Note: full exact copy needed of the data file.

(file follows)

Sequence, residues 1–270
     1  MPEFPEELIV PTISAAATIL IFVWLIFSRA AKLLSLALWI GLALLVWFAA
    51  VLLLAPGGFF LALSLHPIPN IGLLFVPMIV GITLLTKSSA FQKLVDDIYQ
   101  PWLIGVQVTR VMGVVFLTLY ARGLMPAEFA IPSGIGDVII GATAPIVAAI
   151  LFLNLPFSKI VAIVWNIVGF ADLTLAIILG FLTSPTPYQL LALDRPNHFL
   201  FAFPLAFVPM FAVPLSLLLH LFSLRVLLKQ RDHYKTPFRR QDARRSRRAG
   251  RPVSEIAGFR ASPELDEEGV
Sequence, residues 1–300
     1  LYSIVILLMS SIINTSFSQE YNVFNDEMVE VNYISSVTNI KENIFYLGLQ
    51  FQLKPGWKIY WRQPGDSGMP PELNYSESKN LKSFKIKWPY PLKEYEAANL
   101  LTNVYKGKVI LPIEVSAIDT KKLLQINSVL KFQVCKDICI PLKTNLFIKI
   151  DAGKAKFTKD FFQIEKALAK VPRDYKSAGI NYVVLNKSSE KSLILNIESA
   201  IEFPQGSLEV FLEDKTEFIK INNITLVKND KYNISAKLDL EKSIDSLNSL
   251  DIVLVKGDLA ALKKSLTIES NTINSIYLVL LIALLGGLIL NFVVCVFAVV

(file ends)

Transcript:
Sequence, residues 1–270
     1  MPEFPEELIV PTISAAATIL IFVWLIFSRA AKLLSLALWI GLALLVWFAA
    51  VLLLAPGGFF LALSLHPIPN IGLLFVPMIV GITLLTKSSA FQKLVDDIYQ
   101  PWLIGVQVTR VMGVVFLTLY ARGLMPAEFA IPSGIGDVII GATAPIVAAI
   151  LFLNLPFSKI VAIVWNIVGF ADLTLAIILG FLTSPTPYQL LALDRPNHFL
   201  FAFPLAFVPM FAVPLSLLLH LFSLRVLLKQ RDHYKTPFRR QDARRSRRAG
   251  RPVSEIAGFR ASPELDEEGV
Sequence, residues 1–300
     1  LYSIVILLMS SIINTSFSQE YNVFNDEMVE VNYISSVTNI KENIFYLGLQ
    51  FQLKPGWKIY WRQPGDSGMP PELNYSESKN LKSFKIKWPY PLKEYEAANL
   101  LTNVYKGKVI LPIEVSAIDT KKLLQINSVL KFQVCKDICI PLKTNLFIKI
   151  DAGKAKFTKD FFQIEKALAK VPRDYKSAGI NYVVLNKSSE KSLILNIESA
   201  IEFPQGSLEV FLEDKTEFIK INNITLVKND KYNISAKLDL EKSIDSLNSL
   251  DIVLVKGDLA ALKKSLTIES NTINSIYLVL LIALLGGLIL NFVVCVFAVV